Cancer is one of the most common causes of disease and death globally. The causes for initiation and tumor progression of malignant tumors (carcinogenesis) are known in some cases (e.g., asbestos or smoking for lung cancer), however they are not yet often discovered despite intensive research.
In the lower range of the electromagnetic spectrum, Wertheimer and Leeper observed an increased incidence of childhood leukemia in the vicinity to 50/60 Hz magnetic fields of power transmission lines in 1979. This finding initiated several studies in different countries for further investigation of the possible association by applying different methods of exposure assessment. The overall conclusion based on the results of the partly contradicting studies was that the risk for childhood leukemia was possibly twice as high for exposure to a magnetic field with a long-time average of 0.4 microTesla. In 1999 the International Agency for Research on Cancer (IARC) classified extremely low frequency magnetic fields as "possible human carcinogen" (Group 2B) in the same group as caffeine although there was no known biological mechanism despite intensive laboratory research.
The carcinogenic effects of ionizing radiation such as UV, X-rays and gamma radiation ranging in the upper part of the electromagnetic spectrum were investigated and verified in experimental and epidemiological studies. Based on the evidence of these findings, the IARC classified ionizing radiation as "carcinogenic to humans" (Group 1).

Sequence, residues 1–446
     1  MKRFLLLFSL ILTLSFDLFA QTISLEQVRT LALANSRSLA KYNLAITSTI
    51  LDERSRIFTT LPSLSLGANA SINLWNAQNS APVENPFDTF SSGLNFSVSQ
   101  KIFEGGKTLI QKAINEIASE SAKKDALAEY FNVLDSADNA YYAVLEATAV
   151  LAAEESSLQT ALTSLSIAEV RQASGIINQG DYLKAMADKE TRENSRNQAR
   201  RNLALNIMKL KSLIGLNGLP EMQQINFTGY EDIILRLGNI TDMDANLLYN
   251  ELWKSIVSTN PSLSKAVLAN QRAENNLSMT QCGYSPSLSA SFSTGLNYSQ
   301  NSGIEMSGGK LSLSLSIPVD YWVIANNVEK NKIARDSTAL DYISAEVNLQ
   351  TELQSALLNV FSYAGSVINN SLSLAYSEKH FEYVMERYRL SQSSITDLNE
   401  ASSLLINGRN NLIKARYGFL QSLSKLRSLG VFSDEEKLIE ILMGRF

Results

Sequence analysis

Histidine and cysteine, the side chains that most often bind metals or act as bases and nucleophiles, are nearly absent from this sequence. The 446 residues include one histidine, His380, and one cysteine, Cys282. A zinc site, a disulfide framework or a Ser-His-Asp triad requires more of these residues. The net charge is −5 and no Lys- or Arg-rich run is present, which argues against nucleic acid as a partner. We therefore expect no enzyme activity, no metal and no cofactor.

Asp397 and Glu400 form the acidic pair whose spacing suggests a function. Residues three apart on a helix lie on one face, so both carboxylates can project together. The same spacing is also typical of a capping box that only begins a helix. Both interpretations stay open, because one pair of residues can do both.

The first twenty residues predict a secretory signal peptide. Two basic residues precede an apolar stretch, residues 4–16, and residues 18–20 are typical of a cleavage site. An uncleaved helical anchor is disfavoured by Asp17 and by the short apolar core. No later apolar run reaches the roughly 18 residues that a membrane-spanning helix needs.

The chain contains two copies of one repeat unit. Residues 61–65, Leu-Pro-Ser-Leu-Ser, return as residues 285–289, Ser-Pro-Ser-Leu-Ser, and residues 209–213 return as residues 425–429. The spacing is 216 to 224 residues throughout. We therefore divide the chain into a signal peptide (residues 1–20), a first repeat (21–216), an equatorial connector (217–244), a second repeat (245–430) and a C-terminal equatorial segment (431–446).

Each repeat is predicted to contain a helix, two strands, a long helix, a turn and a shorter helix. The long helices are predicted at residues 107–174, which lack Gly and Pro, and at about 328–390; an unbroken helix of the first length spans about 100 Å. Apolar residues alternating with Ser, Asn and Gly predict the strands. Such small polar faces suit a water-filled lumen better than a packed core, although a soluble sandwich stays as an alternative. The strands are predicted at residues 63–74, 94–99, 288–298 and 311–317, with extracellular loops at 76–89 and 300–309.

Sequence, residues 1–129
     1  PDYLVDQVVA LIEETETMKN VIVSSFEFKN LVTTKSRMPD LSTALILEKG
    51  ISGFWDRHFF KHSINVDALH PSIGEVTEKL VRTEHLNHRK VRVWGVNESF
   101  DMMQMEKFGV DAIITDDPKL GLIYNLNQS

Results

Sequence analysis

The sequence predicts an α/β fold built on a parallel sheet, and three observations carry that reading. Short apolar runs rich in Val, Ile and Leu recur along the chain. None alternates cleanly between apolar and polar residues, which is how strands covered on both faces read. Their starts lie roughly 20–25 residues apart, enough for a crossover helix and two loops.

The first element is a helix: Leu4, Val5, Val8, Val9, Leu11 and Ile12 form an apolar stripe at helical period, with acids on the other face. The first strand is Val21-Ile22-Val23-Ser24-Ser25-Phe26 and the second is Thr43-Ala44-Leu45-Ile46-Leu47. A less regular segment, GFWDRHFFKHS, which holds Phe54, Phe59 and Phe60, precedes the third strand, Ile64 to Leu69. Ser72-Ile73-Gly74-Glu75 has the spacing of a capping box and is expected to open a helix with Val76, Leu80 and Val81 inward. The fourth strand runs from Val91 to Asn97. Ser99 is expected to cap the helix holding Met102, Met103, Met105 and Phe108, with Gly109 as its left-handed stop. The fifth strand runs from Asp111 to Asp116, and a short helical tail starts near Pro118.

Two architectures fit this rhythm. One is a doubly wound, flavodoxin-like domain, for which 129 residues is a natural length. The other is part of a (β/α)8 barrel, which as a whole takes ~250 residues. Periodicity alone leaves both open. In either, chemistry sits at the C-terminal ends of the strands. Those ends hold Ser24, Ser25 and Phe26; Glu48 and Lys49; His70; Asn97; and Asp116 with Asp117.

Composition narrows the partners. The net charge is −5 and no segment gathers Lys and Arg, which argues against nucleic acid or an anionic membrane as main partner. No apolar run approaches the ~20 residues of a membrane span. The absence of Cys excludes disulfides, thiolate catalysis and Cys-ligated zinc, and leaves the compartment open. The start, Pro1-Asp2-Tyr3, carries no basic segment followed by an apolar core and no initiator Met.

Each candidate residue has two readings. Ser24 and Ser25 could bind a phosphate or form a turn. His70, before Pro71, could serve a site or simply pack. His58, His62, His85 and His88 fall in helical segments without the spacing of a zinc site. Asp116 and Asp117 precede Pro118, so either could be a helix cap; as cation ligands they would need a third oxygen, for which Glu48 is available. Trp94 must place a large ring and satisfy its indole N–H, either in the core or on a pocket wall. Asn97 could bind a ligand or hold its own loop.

The exponentially increasing use of mobile phones in the past 15 years and the undisclosed effects of extremely low frequency magnetic fields led to the investigation of possible effects of the waves in the middle part of the electromagnetic spectrum used in mobile communication. If the use of a mobile phone would increase the risk for cancer, then a large number of humans worldwide would be affected. Therefore, a large number of studies were initiated: 1. medical/biological studies to disclose the possible action mechanism of mobile communication exposure on organisms under standardized laboratory conditions and to supply proven results concerning a possible association, and 2. epidemiological studies to investigate the possible association between mobile phone use and cancer incidence within the population.
The aim of the CEFALO study is to investigate whether the use of mobile phones increases the risk of developing brain tumors in children and adolescents in the age group 7-19 years. The multinational case-control studies were conducted in Denmark, Sweden, Norway and Switzerland in the time period 2004 to 2008. The results will be published at the end of 2009.
In 2008, the international cohort study of mobile phone use and health (COSMOS) was initiated as a long-term project to investigate the possible association between long-term mobile phone use and adverse health effects. The five European countries of the UK, Denmark, Sweden, Finland, and the Netherlands participated in study.
The international multi-centre MOBI-KIDS study was initiated in 2009 to investigate the relationship between communication technologies including mobile phones factors and brain cancer in young people. Over a study period of five years, nearly 2000 young people between 10 to 24 years with brain tumours and a similar number of young people without a brain tumour will be invited to participate in the study. Research groups of following countries are involved from the start: Australia, Austria, Canada, France, Germany, Greece, Israel, Italy, New Zealand, Spain, Taiwan, and the Netherlands.